This shirt looks like a sack I know but it also looks better on me than on the hanger.  Its from Butterick 5463 and I would also make it a size smaller if I had it to do over.  The fabric is a gauzy, crinkly fabric and I've never sewn with this before and probably won't again.  I just don't like fabric that won't smooth out when you want to cut it and seems to change shape as you sew it. 
This is by far my favorite destashing project for myself so far.  Its a dress from Burda 7517.  It turned out so great.  I had to let it out in the waist a little to fit me just right and it was pretty simple to sew.  A few things about the Burda patterns, the sizes I think are a little more true to what sizing should be (they don't run big), they don't have a lot of detail about the technical side of sewing.  For example they don't show you how to put your zipper in they just show you where and tell you to put it in (so if you're a beginner at sewing I wouldn't start out with Burda).  I was really pleased with the construction of the dress.  It seemed easier to construct that some of my usual patterns.  I spent about five dollars on the pattern and think it was well worth it.  I will be using it over and over to keep destashing.  The fabric for this dress is from Joann's red tag discount which is half off and then I wait for the half off of that sale.  With two half offs it seems easier to justify the three yards I needed for this pattern.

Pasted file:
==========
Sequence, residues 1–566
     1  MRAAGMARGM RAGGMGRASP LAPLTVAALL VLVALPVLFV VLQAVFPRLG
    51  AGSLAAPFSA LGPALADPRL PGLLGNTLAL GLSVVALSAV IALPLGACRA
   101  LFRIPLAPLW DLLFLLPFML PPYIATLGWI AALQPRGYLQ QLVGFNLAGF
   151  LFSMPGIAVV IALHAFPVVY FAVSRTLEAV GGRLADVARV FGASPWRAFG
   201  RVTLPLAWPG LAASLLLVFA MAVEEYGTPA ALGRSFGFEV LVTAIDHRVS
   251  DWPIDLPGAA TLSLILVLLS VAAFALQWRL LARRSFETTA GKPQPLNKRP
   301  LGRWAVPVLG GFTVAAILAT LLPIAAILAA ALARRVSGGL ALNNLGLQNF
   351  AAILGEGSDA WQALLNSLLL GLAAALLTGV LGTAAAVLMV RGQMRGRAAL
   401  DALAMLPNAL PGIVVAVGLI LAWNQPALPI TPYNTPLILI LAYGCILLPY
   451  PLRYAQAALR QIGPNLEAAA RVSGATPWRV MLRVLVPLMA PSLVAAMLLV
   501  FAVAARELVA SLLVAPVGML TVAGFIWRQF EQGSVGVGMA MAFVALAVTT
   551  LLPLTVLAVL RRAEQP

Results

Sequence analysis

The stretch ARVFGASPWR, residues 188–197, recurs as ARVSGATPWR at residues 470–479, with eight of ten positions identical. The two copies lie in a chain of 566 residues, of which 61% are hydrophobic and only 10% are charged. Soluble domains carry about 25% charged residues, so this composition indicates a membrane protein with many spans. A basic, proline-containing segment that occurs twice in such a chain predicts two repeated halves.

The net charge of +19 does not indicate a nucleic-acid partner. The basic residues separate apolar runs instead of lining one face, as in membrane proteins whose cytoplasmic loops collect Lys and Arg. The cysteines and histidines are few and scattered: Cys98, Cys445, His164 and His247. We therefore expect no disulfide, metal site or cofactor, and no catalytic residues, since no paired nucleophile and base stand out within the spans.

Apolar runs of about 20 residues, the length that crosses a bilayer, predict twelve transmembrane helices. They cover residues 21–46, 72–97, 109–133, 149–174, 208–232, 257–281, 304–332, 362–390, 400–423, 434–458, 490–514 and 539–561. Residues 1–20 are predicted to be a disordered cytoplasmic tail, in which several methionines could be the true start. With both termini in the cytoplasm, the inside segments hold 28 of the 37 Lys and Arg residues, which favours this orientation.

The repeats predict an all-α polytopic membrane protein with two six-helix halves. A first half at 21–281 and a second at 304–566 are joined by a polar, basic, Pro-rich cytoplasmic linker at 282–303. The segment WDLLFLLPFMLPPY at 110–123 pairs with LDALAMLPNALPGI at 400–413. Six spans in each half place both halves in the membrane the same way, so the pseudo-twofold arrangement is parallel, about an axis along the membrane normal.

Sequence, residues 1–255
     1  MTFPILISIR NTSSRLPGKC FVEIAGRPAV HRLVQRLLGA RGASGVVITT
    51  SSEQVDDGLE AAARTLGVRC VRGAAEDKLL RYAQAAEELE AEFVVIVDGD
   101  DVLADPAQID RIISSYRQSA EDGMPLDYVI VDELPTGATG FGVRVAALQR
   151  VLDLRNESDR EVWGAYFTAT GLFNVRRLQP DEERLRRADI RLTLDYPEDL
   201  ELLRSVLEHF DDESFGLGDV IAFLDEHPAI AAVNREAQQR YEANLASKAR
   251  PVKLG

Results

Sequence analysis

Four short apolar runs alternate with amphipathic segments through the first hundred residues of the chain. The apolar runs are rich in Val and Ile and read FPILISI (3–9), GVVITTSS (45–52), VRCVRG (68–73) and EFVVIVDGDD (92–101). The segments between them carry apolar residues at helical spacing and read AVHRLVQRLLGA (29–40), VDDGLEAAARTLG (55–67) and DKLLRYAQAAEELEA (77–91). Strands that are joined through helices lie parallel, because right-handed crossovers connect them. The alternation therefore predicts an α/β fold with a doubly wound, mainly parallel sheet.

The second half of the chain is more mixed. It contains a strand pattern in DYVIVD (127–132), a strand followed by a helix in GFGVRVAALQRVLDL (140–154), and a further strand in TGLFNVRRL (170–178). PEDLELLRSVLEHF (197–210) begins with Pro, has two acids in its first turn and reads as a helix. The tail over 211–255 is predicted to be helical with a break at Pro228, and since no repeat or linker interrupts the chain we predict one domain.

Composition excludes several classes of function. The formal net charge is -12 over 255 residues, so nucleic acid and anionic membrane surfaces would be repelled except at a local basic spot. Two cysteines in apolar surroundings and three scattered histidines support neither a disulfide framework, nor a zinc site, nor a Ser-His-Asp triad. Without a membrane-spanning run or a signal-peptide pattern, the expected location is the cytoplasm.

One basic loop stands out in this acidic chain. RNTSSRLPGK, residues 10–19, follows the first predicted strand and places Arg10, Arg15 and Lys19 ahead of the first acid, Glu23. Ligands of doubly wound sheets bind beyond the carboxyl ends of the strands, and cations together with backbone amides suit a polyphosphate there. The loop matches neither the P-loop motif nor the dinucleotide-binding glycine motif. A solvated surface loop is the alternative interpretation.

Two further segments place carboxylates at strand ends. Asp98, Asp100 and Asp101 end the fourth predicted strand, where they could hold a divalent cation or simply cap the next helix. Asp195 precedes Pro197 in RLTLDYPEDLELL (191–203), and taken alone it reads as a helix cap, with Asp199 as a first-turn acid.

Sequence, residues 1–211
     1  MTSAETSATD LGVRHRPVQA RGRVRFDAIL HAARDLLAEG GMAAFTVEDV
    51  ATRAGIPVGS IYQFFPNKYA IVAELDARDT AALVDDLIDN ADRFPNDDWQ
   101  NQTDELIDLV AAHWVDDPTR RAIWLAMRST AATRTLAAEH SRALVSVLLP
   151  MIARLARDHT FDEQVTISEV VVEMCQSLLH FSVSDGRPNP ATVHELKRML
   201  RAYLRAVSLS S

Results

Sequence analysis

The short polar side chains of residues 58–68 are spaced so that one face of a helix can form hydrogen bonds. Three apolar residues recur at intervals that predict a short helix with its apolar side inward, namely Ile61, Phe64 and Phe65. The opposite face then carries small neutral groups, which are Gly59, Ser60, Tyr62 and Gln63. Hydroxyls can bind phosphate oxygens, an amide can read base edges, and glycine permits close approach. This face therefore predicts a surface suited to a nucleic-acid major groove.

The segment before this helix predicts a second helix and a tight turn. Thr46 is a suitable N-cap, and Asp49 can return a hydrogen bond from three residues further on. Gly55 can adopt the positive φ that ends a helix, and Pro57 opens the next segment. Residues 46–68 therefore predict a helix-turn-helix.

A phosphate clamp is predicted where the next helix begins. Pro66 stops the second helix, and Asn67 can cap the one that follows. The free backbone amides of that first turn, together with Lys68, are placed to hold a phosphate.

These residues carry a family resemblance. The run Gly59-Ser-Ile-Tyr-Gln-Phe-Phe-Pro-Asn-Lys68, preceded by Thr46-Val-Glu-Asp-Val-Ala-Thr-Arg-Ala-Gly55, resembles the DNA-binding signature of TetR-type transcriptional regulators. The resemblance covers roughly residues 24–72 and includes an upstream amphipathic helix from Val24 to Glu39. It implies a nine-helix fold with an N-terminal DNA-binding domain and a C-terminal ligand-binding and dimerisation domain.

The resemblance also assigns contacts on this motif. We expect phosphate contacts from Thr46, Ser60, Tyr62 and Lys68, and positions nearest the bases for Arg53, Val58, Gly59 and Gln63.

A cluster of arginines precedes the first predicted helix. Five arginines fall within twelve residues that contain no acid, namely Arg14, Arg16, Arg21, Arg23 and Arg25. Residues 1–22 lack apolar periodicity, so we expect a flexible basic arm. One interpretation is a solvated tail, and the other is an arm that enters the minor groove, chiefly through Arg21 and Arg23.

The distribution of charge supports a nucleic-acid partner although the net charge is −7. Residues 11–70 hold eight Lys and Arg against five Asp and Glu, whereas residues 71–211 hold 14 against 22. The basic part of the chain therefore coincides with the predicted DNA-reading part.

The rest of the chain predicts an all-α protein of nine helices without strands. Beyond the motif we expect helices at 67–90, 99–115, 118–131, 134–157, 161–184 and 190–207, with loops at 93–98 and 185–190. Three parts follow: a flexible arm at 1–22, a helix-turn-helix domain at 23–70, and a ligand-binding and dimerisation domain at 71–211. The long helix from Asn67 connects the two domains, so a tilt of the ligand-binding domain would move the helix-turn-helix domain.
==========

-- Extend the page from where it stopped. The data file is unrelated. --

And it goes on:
Well let the destashing continue, my next project is summer P.J.'s for AJ.   And after that???  Who knows but its always fun to plan!

Sunday, March 6, 2011

Sources of inspiration.